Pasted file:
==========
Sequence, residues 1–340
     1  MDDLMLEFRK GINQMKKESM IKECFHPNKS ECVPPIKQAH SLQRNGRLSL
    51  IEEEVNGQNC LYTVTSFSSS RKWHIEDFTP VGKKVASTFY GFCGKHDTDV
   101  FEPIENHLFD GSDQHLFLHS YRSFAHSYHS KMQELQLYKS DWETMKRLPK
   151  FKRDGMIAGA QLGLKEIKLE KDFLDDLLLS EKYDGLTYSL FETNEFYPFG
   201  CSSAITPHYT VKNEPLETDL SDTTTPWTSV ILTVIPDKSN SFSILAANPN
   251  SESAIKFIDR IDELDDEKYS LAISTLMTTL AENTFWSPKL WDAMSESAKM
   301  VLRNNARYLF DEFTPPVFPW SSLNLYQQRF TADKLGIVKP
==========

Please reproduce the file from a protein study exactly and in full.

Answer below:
Sequence, residues 1–340
     1  MDDLMLEFRK GINQMKKESM IKECFHPNKS ECVPPIKQAH SLQRNGRLSL
    51  IEEEVNGQNC LYTVTSFSSS RKWHIEDFTP VGKKVASTFY GFCGKHDTDV
   101  FEPIENHLFD GSDQHLFLHS YRSFAHSYHS KMQELQLYKS DWETMKRLPK
   151  FKRDGMIAGA QLGLKEIKLE KDFLDDLLLS EKYDGLTYSL FETNEFYPFG
   201  CSSAITPHYT VKNEPLETDL SDTTTPWTSV ILTVIPDKSN SFSILAANPN
   251  SESAIKFIDR IDELDDEKYS LAISTLMTTL AENTFWSPKL WDAMSESAKM
   301  VLRNNARYLF DEFTPPVFPW SSLNLYQQRF TADKLGIVKP